Christopher House Preschool
Chicago Arts Partnerships in Education
Music Integration residency at Christopher House Pre-K
2 classrooms, 5 sessions each
This was a short residency but we generated a lot of ideas and a lot of sound!
Our focus was on emotions. The teachers shared that the children were having trouble with emotional expression- learning to describe how they are feeling and why, instead of merely reacting to their emotions. We decided to create musical compositions about each of the emotions that the kids were aware of, and use a generative process of brainstorming, associations, movement, drawing, music and recorded sound.
The residency began with introductions and listening games, to ‘turn on’ their ears and sharpen their listening skills. I introduced the ankle bells: and the idea of the BEAT that keeps us all together as a group. This was helpful in improving their ability to listen to each other when we play music together (or do anything else) as a group. We played “Echo”- clapping and repeating patterns, and the children were encouraged to invent patterns with body percussion for the group to repeat.
We explored my primary instrument, the frame drum- they listened to the sound, discovered and discussed the materials it is made from (wood and goat skin), and practiced proper playing technique to get a good sound (gentle).
I brought in various percussion instruments for them to explore- initially the sound alone- I would play the instrument hidden from view, and the children would guess: What could be making this sound? What material might it be made of? Wood? Metal? Seeds? Often they found other objects in the classroom made of the same material. Then I would reveal each instrument and they learned the name and proper playing technique and gave it a try. We related my instruments to the ones in their classroom collection and established proper and safe playing techniques for each instrument in their collection. (set them to rest in front of you without touching, until 1, 2, 3, sticks ready, etc)
In this way we reinforced safe and careful use of any classroom instruments, and awareness of the materials each one is made of, where it comes from and how it sounds.
We explored their associations with each sound- How does the sound feel? Where in your body do you feel it? What does it sound like? If it were an animal, which would it be? If it was a person’s voice, what would they be saying?
The kids also drew each instrument in journals, and the adults transcribed their descriptions. (Meanwhile Ms Maria took my suggestion to go on a sound scavenger hunt around the school – her class made a list of all the sounds they heard on their walk and then grouped them according to their origins (body sounds, machine sounds, or nature sounds). We explained that we would be making a CD of our own, and I played a recording of a group of preschoolers I had worked with previously at another school and the sounds that they found and described.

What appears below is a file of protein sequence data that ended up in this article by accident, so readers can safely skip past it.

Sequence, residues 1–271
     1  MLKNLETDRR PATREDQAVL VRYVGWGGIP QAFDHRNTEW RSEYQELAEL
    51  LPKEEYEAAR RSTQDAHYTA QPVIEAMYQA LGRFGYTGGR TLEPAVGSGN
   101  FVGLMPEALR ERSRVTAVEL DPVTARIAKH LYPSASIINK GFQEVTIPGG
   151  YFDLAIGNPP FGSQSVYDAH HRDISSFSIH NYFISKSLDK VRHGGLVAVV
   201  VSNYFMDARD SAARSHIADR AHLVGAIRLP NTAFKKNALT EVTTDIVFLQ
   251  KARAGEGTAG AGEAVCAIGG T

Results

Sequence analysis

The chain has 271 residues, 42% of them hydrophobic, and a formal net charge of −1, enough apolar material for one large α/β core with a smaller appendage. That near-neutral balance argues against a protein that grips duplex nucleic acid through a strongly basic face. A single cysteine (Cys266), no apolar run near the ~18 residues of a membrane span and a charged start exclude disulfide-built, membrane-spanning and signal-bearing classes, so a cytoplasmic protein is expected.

In addition, the kids made shakers with rice and/ or beads inside of long paper towel tubes, and they became quite good at guessing what was inside by listening carefully to the quality of the sound.
We discussed the idea of rhythm and repeating patterns, focusing on the heartbeat as the closest rhythm to us at all times. They learned one simple rhythm using body percussion, and practiced playing as a group and starting and stopping together.
We also learned an accompanying song (Down Down Baby), recorded ourselves and listened back! This was very exciting to them.
We asked the kids to name some emotions that they know or feel. Their list included Sad, Happy, Angry, Confused, Silly, and Scared.
We wrote them out and brainstormed about each emotion- how does it feel? What makes you feel this way? What might it sound like? What instrument seems most right for this emotion? If you made music feeling this way, would you play fast or slow? We wrote down all our ideas which became our guide for the recordings.
On the last few sessions, after 10 minutes of circle time all together, I worked with small groups to record compositions for each emotion. 4 to 5 kids at a time went with me to a quiet space downstairs (unused classroom) and worked on recording the sounds (vocal and instrumental) that expressed their emotion. I also recorded any spoken responses or associations that they had, in English and in Spanish.
Later, we discovered that fellow CAPE artist Morrie Bowers was also working with emotions in his photography residency with two other classes in the school. We put together the images from Morrie’s workshop with the sounds from our workshop to make this multimedia emotion museum!
Angry - Enojado
Scared - Miedo
Happy - Feliz
Silly - Chistoso